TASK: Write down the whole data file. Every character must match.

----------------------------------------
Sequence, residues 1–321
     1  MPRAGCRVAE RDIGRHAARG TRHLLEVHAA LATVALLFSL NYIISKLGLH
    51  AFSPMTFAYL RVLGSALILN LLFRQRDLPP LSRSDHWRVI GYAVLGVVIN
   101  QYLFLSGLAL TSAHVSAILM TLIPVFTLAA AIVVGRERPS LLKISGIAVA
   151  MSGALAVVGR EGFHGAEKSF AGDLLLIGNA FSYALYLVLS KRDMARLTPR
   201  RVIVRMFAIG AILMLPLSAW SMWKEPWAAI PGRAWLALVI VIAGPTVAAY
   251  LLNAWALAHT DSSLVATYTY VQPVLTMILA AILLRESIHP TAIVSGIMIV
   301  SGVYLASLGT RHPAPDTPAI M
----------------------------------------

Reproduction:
Sequence, residues 1–321
     1  MPRAGCRVAE RDIGRHAARG TRHLLEVHAA LATVALLFSL NYIISKLGLH
    51  AFSPMTFAYL RVLGSALILN LLFRQRDLPP LSRSDHWRVI GYAVLGVVIN
   101  QYLFLSGLAL TSAHVSAILM TLIPVFTLAA AIVVGRERPS LLKISGIAVA
   151  MSGALAVVGR EGFHGAEKSF AGDLLLIGNA FSYALYLVLS KRDMARLTPR
   201  RVIVRMFAIG AILMLPLSAW SMWKEPWAAI PGRAWLALVI VIAGPTVAAY
   251  LLNAWALAHT DSSLVATYTY VQPVLTMILA AILLRESIHP TAIVSGIMIV
   301  SGVYLASLGT RHPAPDTPAI M